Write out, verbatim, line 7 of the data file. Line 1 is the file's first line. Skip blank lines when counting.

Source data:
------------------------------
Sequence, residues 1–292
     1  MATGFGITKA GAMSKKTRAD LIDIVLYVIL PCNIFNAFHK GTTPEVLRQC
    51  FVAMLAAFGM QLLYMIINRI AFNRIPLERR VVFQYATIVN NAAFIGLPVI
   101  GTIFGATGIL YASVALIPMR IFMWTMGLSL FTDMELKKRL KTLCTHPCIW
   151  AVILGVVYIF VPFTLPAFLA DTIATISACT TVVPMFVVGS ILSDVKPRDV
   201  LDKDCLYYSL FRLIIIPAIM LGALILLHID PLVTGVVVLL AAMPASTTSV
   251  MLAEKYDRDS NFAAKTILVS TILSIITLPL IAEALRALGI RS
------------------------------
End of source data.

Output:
   251  MLAEKYDRDS NFAAKTILVS TILSIITLPL IAEALRALGI RS